On a moonlit night, scientists and volunteers stroll to a sheltered beach on Delaware Bay to watch horseshoe crabs, or “horseshoe crabs,” that spawn by the millions along the US east coast between late spring and early summer.
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The group goes to the shore and places a measuring frame on the sand to count the horseshoe crabs and straighten those that have been overturned by the tide.
With their helmet-like carapace, spiky tails, and five pairs of legs joined at the mouth, these horseshoe crabs aren’t immediately endearing.
But these strange sea creatures are critical to vaccine safety: Their bright blue blood, which clots in the presence of harmful bacterial compounds called endotoxins, has been used more biomedically to test safety since the 1970s, when tests on rabbits were introduced products essential leave.
Aside from being harmless to humans, “they’re really easy to love once you understand them,” says Laurel Sullivan, who works for the state of Delaware, to AFP, telling the public about these invertebrates.
For 450 million years, these creatures from another age have roamed the planet’s oceans, witnessing the emergence and then extinction of dinosaurs and the transformation of first fish into land animals and then into humans.
Today, however, these “living fossils” are listed as an endangered species in America and in Asia due to habitat reduction, over-harvesting for food or bait and use by the pharmaceutical industry, a sector that is experiencing strong growth especially since the Covid, listed as vulnerable -19 pandemic.
The term “crab” is not entirely appropriate for these animals, which are more like spiders and scorpions, and are made up of four subspecies: one lives on the Atlantic coast of South America in the north and in the Gulf of Mexico, the other three in Southeast Asia.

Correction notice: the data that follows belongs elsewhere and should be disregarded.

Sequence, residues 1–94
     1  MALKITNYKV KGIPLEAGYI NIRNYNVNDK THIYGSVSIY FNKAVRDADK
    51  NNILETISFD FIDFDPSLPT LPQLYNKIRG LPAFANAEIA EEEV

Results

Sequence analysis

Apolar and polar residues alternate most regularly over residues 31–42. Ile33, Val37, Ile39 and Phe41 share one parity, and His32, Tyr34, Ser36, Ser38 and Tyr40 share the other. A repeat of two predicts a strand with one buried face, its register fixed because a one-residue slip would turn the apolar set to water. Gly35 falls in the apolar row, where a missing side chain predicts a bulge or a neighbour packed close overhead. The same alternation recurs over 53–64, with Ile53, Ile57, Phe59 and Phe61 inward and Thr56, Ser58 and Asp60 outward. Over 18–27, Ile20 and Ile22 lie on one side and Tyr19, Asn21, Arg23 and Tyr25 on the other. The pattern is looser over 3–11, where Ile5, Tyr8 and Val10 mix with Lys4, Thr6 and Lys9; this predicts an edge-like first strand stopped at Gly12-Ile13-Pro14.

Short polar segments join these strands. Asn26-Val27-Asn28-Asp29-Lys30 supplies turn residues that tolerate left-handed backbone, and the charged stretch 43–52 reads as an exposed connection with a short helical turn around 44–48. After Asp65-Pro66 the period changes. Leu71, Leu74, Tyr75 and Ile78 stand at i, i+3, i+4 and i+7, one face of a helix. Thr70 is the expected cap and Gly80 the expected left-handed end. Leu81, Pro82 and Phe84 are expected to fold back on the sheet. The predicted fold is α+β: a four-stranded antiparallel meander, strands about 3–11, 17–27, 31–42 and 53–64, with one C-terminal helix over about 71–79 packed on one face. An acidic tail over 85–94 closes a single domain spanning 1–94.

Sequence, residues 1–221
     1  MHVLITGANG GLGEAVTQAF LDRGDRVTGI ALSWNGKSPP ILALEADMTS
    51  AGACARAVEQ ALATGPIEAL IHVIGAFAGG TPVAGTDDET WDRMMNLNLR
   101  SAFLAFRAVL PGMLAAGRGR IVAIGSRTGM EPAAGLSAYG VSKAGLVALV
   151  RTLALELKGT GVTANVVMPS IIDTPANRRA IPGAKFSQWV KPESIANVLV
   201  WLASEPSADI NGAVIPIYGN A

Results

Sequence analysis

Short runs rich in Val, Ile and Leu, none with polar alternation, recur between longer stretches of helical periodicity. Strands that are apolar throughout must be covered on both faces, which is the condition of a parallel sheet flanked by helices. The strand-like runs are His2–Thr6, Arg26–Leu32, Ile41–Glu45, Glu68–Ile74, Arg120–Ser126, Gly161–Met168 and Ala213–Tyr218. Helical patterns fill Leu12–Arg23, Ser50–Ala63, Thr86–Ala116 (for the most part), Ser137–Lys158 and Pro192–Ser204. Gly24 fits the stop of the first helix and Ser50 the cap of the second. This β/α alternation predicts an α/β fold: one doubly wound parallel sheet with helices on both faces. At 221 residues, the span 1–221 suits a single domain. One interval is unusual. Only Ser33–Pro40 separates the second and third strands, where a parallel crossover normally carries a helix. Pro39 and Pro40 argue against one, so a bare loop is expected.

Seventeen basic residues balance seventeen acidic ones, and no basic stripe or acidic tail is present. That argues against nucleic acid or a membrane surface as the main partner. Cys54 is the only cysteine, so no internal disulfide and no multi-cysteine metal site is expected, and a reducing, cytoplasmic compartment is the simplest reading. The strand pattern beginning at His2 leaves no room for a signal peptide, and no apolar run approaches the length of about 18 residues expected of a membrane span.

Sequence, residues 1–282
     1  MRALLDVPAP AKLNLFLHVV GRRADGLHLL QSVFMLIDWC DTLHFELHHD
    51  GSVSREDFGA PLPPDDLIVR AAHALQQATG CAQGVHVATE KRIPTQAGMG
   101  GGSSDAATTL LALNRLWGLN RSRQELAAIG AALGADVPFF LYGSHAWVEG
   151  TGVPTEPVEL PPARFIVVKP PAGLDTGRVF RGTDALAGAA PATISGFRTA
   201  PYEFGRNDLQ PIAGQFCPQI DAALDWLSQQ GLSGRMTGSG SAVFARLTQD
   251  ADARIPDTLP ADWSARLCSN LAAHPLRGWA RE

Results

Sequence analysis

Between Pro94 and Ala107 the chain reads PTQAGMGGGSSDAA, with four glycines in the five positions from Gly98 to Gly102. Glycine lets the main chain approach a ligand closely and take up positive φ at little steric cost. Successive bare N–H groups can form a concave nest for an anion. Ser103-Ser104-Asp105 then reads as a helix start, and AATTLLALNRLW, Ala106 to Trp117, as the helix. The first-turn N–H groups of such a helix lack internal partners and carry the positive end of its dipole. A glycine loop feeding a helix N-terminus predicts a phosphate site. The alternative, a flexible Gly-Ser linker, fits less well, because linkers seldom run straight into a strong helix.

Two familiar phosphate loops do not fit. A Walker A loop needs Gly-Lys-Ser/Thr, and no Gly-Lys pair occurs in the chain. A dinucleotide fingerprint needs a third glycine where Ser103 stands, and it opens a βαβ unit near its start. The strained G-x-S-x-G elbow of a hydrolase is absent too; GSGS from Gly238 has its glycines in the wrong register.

Horseshoe crabs, also known as Moluccan crabs, have 10 eyes and feed by crushing their food, worms and clams, between their legs before bringing them to their mouths.
Males are significantly smaller than females, which they gather in groups of up to 15 individuals when breeding.
To reproduce, males squirt their sperm onto golf ball-sized clusters of 5,000 eggs, which they lay on the sand.
These eggs, tiny green balls, are also an important food source for migratory birds, including the near-threatened red knot.
Nivette Perez-Perez, a scientist at the Delaware Inland Bays Center, points to a large strip of eggs that stretches across most of the beach at the James Farm Ecological Preserve, on which bright orange-beaked black-headed gulls swoop down to feed.
Like others in the area, Mrs. Perez-Perez succumbed to the charm of horseshoe crabs. “You’re so cute,” she says to a woman, who picks her up to show off her anatomical features.
give her back
Mating is a dangerous activity for horseshoe crabs, as they are most vulnerable on the beach: at high tide, some land on their backs, and while their long hard tail helps them stand up, not everyone is so lucky. About 10% of the population die each year, their bellies baked by the sun.
In 1998, Glenn Gauvry, founder of the Group on Ecological Research and Development, participated in a campaign called “Just Flip Them,” encouraging the public to help crabs that were still alive.
“Winning hearts is the most important thing,” he told AFP on Pickering Beach in Delaware Bay, wearing a cap with his slogan and adorned with horseshoe crab insignia.
“If we can’t get people to care about these animals and feel close to them, they’re probably going to want fewer laws to protect them,” he says.
About 500,000 horseshoe crabs are harvested for the pharmaceutical industry every year. Your blood serves in a chemical called Limulus amebocyte lysate, which identifies a type of bacteria that can contaminate drugs, needles, and devices like hip replacements.
This process kills about 15% of horseshoe crabs, with the survivors being released back into the sea.
A new synthetic technique called recombinant factor C shows promise but has yet to be regulated.
Horseshoe crabs are a “limited source with potentially infinite demand, and those two things are mutually exclusive,” says Allen Burgenson of Swiss biotech company Lonza, which makes the new test.